Five Things a Record Can Do That an MP3 Cannot | County Grind | South Florida | Broward Palm Beach New Times | The Leading Independent News Source in Broward-Palm Beach, Florida

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Five Things a Record Can Do That an MP3 Cannot

Should any instance occur in which your musical taste assists in getting you laid, chances are very slim that an MP3 collection would be the responsible format.

MP3s make a vacant effort to fill moments of silence with careless noise. The day has come where Pandora picks the soundtracks to our lives based on algorithms formulated by choosing just one song (choose wisely!). These are the days of Spotify playlist, filled with the intangible and elusive MP3s.

Lucky for us, we also live in a time of revival, where a proud movement of music snobs have been able to quite literally turn the tables. It is in this age where the limitless and shameless demand for nostalgia and irony has moved beyond a mass of cultural critique, and brought with it the return of the record.

If ever you second guessed the time and effort involved in building your record collection, here are five things to reassure you that you've invested wisely.

See also:

- SLIDESHOW: Record Store Day 2012 at Radio-Active Records

- Suede Dudes on Record Store Day: "CDs Just Aren't Cool," But Vinyl Is "the Total Package"

- Five Things We're Most Looking Forward to at Radio-Active Records' 2013 Record Store Day

- Jacuzzi Boys Audio Tour of Record Collection Favorites for Record Store Day 2013

5. Records make you feel things

Think about it. When was the last time you hugged an MP3 to your chest after waking up early on the day of release? Never.

You march your ass down to your local record store before going to the office, making sure you bring that bad boy into work with you -- because Lord knows the average temperature in a sealed car in south Florida is about that on the brightest day on the sun. Plowed through the work day, carried that sucker home with you (even if you have been taking the bus these days). And finally, with your after-work beer in one hand, you lifted the record player needle with the other, and physically lay down those tracks.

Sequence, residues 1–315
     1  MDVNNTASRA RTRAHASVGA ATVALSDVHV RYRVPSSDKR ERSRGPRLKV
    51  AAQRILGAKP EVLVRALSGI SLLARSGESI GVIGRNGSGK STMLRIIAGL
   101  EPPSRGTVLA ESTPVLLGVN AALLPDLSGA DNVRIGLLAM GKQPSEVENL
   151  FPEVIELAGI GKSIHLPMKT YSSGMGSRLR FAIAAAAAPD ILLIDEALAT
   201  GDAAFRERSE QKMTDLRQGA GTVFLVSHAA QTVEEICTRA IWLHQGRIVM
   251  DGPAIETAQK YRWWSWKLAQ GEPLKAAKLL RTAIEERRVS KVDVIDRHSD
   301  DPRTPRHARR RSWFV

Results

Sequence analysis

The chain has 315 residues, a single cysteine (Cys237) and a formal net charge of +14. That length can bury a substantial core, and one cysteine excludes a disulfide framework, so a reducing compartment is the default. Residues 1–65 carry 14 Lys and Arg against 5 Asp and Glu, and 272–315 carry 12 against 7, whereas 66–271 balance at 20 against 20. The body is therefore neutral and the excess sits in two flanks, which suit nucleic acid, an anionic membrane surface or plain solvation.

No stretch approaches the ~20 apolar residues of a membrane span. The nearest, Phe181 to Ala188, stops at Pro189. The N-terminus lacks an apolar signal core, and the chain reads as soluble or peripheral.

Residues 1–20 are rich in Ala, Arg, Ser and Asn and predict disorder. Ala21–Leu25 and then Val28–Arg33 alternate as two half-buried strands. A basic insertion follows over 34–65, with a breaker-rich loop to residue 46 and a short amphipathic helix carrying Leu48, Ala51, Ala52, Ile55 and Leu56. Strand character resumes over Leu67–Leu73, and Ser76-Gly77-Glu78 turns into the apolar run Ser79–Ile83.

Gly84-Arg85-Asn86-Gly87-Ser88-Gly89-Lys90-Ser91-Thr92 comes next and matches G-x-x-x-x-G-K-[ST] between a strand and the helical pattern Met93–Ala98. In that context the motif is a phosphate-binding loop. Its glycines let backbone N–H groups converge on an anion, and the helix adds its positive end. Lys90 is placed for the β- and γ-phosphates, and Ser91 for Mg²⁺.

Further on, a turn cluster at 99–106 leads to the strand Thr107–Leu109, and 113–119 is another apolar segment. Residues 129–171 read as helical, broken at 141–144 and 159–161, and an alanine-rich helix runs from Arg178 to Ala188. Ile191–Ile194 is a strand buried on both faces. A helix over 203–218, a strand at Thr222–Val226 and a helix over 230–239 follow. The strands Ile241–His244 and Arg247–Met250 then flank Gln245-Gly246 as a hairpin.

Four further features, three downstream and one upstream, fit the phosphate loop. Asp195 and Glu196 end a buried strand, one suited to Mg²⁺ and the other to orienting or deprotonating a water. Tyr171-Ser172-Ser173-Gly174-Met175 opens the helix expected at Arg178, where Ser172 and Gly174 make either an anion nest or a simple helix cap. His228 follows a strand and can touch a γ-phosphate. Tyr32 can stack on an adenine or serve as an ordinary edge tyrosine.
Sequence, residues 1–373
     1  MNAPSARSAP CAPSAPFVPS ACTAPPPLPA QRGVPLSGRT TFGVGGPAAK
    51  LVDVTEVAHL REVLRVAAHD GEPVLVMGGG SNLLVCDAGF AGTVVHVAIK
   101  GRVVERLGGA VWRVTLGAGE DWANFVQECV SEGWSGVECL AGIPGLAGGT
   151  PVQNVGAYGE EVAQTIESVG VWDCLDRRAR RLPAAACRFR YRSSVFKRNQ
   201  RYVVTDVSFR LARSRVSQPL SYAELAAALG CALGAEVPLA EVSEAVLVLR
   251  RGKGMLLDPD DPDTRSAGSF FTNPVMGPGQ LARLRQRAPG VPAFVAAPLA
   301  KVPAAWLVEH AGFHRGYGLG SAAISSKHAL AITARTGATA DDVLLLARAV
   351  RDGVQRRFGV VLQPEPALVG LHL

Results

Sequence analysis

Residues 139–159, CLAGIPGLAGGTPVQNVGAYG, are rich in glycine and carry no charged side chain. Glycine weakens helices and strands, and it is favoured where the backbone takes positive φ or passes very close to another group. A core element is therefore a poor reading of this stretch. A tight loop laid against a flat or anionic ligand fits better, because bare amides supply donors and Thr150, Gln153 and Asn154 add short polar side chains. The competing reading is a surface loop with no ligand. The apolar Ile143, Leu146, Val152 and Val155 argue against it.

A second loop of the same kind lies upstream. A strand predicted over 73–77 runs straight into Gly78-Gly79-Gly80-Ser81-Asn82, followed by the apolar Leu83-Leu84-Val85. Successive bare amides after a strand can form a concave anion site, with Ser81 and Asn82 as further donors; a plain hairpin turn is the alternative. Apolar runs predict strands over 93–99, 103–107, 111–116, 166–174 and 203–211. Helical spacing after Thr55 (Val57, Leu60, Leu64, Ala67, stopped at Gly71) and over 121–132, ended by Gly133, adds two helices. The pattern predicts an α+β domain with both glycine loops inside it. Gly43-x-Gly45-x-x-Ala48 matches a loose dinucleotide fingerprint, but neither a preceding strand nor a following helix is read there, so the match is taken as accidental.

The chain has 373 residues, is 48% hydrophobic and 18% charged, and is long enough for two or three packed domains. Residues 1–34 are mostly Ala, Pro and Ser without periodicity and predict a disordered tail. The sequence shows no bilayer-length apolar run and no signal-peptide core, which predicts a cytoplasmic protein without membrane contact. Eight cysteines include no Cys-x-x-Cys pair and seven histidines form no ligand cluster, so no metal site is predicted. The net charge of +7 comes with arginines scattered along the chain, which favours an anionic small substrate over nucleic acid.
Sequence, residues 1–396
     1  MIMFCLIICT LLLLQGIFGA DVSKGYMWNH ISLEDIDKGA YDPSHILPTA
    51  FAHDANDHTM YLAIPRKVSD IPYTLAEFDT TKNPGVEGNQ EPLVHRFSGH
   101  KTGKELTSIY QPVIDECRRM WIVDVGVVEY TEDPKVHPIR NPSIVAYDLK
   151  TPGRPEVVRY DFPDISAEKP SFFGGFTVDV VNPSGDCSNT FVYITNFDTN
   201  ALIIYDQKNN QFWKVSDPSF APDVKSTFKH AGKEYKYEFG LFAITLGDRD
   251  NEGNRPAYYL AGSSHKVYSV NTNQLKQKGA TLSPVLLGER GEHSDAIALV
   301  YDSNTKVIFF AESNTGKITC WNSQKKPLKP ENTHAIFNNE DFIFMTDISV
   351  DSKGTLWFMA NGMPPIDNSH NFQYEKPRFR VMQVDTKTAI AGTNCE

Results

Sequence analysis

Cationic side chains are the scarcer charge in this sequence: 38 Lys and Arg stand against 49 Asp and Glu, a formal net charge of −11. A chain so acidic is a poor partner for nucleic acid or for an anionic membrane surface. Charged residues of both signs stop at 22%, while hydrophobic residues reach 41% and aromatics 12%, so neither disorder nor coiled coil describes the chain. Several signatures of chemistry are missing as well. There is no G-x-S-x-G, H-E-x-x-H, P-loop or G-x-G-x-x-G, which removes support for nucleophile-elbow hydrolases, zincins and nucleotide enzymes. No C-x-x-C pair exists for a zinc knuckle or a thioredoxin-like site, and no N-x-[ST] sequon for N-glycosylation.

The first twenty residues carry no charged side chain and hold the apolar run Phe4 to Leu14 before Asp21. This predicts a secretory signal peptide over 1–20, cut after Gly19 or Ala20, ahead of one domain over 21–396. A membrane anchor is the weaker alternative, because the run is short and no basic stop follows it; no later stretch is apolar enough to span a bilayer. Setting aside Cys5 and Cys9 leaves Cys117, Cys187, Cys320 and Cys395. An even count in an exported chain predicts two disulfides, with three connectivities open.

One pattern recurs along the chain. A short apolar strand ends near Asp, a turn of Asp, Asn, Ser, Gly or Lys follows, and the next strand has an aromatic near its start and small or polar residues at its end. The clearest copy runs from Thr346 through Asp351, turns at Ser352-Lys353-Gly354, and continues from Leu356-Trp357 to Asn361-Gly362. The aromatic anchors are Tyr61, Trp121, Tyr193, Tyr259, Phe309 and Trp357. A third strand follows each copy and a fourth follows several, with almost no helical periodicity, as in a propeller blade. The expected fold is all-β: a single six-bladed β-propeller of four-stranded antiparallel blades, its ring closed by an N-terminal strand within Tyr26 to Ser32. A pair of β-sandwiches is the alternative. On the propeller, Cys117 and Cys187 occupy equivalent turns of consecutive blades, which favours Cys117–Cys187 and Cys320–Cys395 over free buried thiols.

Does iTunes make you work that hard? Did you know you wanted to work that hard?

For most of us who read County Grind, our music has always had a "feel." But until we started collecting records, nothing about that feel was physical aside from some goose bumps or singalong induced laryngitis. Our folks had the vinyl thing going, and if we were lucky, we got to experience the sensuality of a record before we knew what it was like to start our own vinyl habit. But no amount of bootlegged or rightfully owned MP3s can make the leap from audible to tangible. It feels good to have a big ol' awkwardly sized LP under your arm. A thing subject to its own demise should it be left to the elements.

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C. Townsend Rizzo

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